Story via Jennifer DeWitt, Quad-City Times
A developer’s vision for the long-vacant Spiegel building on Moline’s riverfront could make it one of the most sought-after retail and residential locations in the city.
Two developers have submitted formal proposals to purchase and renovate the structure located off River Drive at 200-202 20th St.
The city asked for proposals by March 26 consistent with the city’s adopted redevelopment plan. The city is asking $327,500 for the building and hopes to close on the property by July 31.
Spared from demolition for the new Interstate-74 bridge, the Spiegel building is situated between the base of the existing Interstate 74 bridge and construction on the new span. Built in 1928-1930 as the Eagle Signal Building, it was the home of Spiegel Moving & Storage for about 50 years.
In January 2016, owner Tom Spiegel sold it to Moline for $303,000. It has been vacant for more than two years.
Keller Williams Realty submitted a written proposal, but did not attend Tuesday’s meeting for a visual presentation.
Tuesday’s session was hosted by city staff and Renew Moline.
Heart of America Vice President and General Counsel Kirk Whalen pitched his company’s development proposal for the building to city officials. A slideshow of architectural renderings show a sleek, urban design with upper terraces and rebuilt staircases.
“We find what people want and feed them,” Whalen said. “The good thing about Moline is its growth is facilitated, not forced.”
With more than 8,000 square feet per floor, plans for the four-story brick building include retail on the first floor, and residential living on the second, third and fourth floors. Whalen said there is potential for the addition of two more floors to maximize river and bridge views, in addition to a rooftop terrace with a lounge area and landscaping.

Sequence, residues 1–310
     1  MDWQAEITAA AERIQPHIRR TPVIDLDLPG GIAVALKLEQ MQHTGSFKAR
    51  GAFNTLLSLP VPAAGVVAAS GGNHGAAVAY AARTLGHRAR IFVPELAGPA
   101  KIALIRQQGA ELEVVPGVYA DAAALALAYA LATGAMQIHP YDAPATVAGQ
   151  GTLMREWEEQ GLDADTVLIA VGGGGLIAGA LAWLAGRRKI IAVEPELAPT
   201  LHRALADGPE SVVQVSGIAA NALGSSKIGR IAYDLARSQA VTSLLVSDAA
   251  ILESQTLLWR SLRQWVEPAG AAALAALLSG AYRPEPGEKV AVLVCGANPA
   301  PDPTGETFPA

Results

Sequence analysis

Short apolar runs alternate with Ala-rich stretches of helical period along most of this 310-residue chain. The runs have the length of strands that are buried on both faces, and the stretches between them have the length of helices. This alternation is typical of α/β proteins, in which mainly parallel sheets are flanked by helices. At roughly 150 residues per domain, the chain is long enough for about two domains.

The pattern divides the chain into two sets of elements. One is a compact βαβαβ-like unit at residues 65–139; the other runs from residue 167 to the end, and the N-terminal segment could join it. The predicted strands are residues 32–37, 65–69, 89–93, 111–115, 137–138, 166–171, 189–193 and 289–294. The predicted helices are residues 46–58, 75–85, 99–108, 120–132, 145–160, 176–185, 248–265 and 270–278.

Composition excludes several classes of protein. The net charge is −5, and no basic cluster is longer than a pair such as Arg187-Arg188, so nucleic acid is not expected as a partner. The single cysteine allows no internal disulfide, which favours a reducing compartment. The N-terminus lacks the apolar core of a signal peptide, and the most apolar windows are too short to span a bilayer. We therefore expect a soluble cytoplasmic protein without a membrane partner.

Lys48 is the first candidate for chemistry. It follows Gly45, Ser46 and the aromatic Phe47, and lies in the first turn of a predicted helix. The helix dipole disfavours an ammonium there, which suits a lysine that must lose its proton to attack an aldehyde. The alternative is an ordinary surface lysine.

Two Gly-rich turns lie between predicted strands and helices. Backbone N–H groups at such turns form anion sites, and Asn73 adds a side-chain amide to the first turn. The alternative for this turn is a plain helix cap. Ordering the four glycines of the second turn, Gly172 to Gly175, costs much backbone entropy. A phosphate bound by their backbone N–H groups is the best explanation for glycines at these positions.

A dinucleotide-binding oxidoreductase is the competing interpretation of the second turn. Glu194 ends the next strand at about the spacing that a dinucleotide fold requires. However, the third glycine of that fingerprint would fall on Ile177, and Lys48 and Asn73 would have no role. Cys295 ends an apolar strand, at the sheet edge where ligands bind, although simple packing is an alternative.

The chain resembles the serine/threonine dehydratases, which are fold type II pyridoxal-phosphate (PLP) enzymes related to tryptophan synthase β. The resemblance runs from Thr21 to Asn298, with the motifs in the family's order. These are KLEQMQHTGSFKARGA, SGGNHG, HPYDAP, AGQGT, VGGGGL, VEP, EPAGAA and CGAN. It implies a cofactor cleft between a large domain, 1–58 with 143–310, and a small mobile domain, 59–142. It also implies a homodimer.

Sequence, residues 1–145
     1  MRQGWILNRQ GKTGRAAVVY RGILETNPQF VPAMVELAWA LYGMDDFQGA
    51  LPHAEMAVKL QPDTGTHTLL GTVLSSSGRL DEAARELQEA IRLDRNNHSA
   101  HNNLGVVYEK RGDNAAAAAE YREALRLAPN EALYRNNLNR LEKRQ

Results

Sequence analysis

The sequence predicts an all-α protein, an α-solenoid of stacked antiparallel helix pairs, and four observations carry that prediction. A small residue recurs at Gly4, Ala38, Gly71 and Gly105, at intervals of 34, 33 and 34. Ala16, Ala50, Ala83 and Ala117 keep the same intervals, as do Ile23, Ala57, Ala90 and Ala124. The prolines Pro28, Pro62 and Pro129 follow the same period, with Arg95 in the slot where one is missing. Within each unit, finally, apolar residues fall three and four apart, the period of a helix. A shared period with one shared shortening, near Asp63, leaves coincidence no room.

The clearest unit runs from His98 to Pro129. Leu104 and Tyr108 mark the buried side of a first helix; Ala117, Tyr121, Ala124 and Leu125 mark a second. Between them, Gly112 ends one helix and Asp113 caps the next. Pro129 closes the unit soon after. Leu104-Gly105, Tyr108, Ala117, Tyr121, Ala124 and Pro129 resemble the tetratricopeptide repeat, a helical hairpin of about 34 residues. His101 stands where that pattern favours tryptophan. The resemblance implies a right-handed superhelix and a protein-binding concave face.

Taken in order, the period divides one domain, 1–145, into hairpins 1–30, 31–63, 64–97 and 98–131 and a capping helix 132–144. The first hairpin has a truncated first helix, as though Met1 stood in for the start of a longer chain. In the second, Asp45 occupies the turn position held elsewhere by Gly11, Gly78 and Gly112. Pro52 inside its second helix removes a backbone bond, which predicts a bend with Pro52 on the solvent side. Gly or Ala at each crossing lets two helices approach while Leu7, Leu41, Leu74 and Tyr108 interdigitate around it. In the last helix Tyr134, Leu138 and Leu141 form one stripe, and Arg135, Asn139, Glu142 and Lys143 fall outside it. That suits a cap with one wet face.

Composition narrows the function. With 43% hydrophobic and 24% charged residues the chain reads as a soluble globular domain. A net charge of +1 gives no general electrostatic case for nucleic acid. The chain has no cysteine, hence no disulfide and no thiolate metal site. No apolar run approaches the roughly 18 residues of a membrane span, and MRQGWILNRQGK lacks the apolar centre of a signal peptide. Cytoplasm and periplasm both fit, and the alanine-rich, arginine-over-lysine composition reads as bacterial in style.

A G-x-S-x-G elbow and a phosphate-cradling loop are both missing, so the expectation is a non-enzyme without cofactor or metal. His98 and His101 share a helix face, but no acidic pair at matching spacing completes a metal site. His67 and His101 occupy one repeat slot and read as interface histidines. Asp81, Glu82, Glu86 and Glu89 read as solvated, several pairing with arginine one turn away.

“With 12- to 14-foot ceilings, the view will be amazing,” he said. “The rooftop would be an open-air space. It has to be conducive to residential use.”
Whalen indicated incentive money from the city will help alleviate some of the problems with the building.
“There is lead paint, the roof is shot, and many of the floors are rotted because water has come through,” Whalen said. “It needs a new elevator, new windows, and the exterior needs stabilizing and tuckpointing. The stairwells will have to be replaced on both ends. To save the building will be very costly.”
Planning and Development Director Ray Forsythe asked Whalen what Heart of America’s timeline would be for developing the building.
“Until that bridge is down, I can’t imagine anyone wanting to occupy it,” Whalen said.
When asked how Heart of America Group plans to finance such a project with other development deals in the works, Whalen assured city leaders the company has the resources to handle multiple projects.
“We put old-fashioned equity in our projects, in addition to traditional lending,” Whalen said. “We aren’t dependent on financing.”
When pressed on parking availability, Whalen admitted a suitable parking solution had not yet been worked out.
Alderman Dick Potter said the next step is for the city’s design, build, and management team (DBMT) to meet June 6. From there, members will provide a recommendation to project management team.
“I think we all had an idea that’s what the ultimate use of a building like that would be,” Potter said. “The two proposals are fairly similar.”
“I would love to live there,” Whalen said. “Our offices are at 15th and River Drive. I would love to have a river view again with proximity to the bike path. That kind of building could be really amazing right there on the waterfront.”